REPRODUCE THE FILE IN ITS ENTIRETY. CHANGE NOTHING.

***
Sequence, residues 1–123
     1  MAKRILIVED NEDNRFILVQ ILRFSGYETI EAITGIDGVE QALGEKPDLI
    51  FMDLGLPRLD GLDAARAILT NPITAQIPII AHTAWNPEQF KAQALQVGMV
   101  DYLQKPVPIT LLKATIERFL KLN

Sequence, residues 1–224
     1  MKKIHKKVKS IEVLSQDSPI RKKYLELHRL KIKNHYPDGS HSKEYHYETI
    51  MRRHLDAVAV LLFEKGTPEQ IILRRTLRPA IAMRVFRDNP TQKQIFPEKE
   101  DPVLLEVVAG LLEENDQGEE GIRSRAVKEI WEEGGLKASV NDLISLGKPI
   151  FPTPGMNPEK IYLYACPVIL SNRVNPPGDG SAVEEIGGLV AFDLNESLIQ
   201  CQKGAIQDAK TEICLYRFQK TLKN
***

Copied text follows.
Sequence, residues 1–123
     1  MAKRILIVED NEDNRFILVQ ILRFSGYETI EAITGIDGVE QALGEKPDLI
    51  FMDLGLPRLD GLDAARAILT NPITAQIPII AHTAWNPEQF KAQALQVGMV
   101  DYLQKPVPIT LLKATIERFL KLN

Sequence, residues 1–224
     1  MKKIHKKVKS IEVLSQDSPI RKKYLELHRL KIKNHYPDGS HSKEYHYETI
    51  MRRHLDAVAV LLFEKGTPEQ IILRRTLRPA IAMRVFRDNP TQKQIFPEKE
   101  DPVLLEVVAG LLEENDQGEE GIRSRAVKEI WEEGGLKASV NDLISLGKPI
   151  FPTPGMNPEK IYLYACPVIL SNRVNPPGDG SAVEEIGGLV AFDLNESLIQ
   201  CQKGAIQDAK TEICLYRFQK TLKN